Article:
12. A liquid transfer system comprising:
a vessel to be emptied;
a vessel to receive transferred liquid;
unloading line means having a primary line and a secondary line;
pump means in said unloading primary line;
loading line means having a primary line and a secondary line;
a transfer assembly adapted to receive liquid therein from said primary unloading line through said pump means and control first and second valves in response to liquid level therein, one of said valves controlling liquid flow through said transfer assembly and the other of said valves controlling flow of inert gas into said secondary lines.
1. The Field of the Invention
The present invention pertains to a method and apparatus for transferring liquids between containers and, in particular, to a transfer system which will result in substantially no spillage or adverse environmental effects when the system is disconnected after the transfer is completed.
2. The Prior Art
Transfer of liquids between vessels is a major continuing environmental problem, especially when one considers the large quantities of fluids, many of which may be hazardous, which are transferred on a daily basis. Not only should liquid transfers which occur in the normal routine of commerce be considered in this problem, but also the transfers that are required by industrial emergency situations which seem to arise on an almost daily basis. This would include accidents involving both barges and tank trailers as well as industrial plant accidents in which liquids must be removed from damaged vessels without creating an environmentally damaging situation. Thus it is important to have a spill free liquid transfer system which can have both fixed site embodiments as well as portable, embodiments which could be moved to the site of a required transfer. Either embodiment of the liquid transfer system should have the capability of operating in a hazardous environment, such as in the presence of volatile gases, without causing further potential danger by the use of possible spark generating equipment. Thus the preferred embodiments should rely on either a gas boosted flow or mechanically boosted flow by either a positive displacement pump, a fluid driven pump or a manual pump. The system should also be self purging of all liquid in the transfer lines after the termination of the liquid flow.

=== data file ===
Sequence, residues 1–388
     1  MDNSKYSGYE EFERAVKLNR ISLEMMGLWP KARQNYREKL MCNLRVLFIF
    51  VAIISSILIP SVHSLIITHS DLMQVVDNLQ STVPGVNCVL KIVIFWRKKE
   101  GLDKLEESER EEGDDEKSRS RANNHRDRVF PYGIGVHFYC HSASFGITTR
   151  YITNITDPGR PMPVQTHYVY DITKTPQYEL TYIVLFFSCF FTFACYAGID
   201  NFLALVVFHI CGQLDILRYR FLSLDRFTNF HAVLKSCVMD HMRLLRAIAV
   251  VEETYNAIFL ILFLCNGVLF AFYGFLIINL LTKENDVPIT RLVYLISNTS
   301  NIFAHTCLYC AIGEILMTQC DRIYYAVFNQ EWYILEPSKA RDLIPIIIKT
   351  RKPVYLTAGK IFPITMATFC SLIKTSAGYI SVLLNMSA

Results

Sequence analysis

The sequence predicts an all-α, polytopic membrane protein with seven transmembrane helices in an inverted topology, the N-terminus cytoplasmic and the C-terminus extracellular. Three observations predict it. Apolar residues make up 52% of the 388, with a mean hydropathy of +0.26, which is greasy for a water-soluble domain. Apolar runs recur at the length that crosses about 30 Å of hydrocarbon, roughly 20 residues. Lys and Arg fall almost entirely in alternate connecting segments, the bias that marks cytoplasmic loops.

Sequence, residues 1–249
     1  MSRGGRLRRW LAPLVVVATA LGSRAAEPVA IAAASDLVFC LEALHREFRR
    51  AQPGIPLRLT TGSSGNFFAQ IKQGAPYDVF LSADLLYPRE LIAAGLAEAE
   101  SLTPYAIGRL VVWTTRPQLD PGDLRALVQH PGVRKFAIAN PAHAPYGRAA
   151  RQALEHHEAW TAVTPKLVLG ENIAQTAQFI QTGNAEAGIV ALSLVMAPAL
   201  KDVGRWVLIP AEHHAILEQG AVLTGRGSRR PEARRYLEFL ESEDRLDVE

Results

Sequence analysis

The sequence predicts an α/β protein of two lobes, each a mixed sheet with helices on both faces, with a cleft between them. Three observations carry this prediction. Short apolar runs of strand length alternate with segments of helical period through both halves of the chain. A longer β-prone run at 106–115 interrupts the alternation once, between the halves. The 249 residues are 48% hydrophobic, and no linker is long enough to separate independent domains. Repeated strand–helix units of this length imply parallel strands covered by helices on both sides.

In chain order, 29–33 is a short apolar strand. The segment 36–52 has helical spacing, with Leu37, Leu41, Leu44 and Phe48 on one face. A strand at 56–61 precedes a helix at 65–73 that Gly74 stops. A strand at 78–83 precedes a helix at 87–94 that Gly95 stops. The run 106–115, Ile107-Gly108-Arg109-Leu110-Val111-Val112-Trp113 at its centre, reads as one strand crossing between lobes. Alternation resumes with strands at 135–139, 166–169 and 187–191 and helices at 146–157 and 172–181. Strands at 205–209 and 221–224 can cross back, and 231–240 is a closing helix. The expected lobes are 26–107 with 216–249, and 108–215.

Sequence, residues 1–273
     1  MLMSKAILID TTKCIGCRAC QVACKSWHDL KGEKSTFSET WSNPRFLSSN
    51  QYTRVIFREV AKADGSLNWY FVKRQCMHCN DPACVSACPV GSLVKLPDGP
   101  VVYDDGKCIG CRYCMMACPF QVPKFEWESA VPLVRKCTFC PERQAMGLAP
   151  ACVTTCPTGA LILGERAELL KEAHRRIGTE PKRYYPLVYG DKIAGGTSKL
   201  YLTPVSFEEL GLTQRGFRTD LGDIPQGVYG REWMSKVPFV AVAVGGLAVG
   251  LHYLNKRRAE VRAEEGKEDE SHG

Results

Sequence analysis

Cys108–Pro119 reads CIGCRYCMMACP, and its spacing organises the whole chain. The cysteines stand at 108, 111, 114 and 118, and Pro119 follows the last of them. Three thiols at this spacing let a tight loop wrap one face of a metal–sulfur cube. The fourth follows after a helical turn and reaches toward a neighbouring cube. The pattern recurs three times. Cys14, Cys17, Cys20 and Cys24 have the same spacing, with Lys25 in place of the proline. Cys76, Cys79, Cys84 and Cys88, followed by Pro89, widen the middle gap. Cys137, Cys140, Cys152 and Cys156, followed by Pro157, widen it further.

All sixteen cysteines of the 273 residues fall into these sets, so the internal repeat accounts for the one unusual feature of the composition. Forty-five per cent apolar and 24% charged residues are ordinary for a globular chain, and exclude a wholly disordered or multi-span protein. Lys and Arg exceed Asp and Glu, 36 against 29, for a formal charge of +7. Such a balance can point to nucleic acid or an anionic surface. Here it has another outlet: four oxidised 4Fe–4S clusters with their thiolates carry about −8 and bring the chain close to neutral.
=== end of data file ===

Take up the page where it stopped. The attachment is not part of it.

It is known to purge liquids from a fluid transfer system using pressurized gas and to force the purged liquids into secondary lines. The following references are representative of this art.
U.S. Pat. No. 5,033,494 to Harbolt et al. discloses a process for the volumetric transfer of liquids comprising the provision a supply 12, transfer tank 20 and drain conduit 36. Of particular interest is the incorporation of a compressed air source 22 and line 40 in such a manner as to purge the transfer tank and conduit of the transfer fluid. The line supplying the pressurized gas is independent of the primary drain conduit 32, but the back end of the gas purging system is conducted through the primary conduit 36, not through a secondary line.
U.S. Pat. No. 5,042,518 to Singhe et al. provides an apparatus and a method for draining fluid from a vacuum line by a drainage pipe having a one way valve permitting the flow of fluids away from the vacuum line and into the tank. A sensor detects a high level of fluid in a tank, thereupon actuating a three way valve to close the vacuum line entry into the tank and simultaneously open a pressurized gas line into the tank to force fluid therefrom. Fluid forced from the tank enters a purge line and a liquid collection line (column 2, lines 12-31)
Of lesser interest, U.S. Pat. No. 5,069,244 to Miyazaki et al. discloses a liquid source container device comprising a main supply 7, gas supply line 18 and delivery (drain) line 19, and several valves on the lines as shown in FIG. 2. The gas is purged from the delivery line by closing valves 20 and 21 and allowing pressurized gas to flow through the delivery line. This system does not entail the use of a secondary, independent line for either admitting gas or receiving residual fluid from a primary line.
Provided solely as background material, U.S. Pat. No. 4,169,225 to Rickert et al. discloses an electric heating apparatus with a system for automatically purging an enclosed volume therein. The actuation method senses low pressure conditions and purging gas is thereupon admitted to the enclosure. The purge gas is not used to force fluids from drainage lines, however.
The present invention provides for both a portable or a fixed system to safely transfer regulated and environmentally hazardous liquids (flammable, toxic, organic, etc.), in normal circumstances as well as in the case of emergencies, from top or bottom connections of a source container, pipe or equipment which is under elevated or atmospheric pressure, is at, above or below grade, to a receiving vessel without retaining liquid in connecting pipes that may result in a spill and contaminate the environment when the pipes are disconnected.
The method of the present invention has application to both portable and fixed embodiments, either of which will safely transfer regulated and environmentally hazardous liquids (flammable, toxic, organic, etc.) in both normal circumstances as well as in cases of emergency from a source container, pipe or equipment to a receiving container or vessel without retaining liquid in any of the necessary connecting pipes that may result in a spill and contaminate the environment when the pipes are disconnected.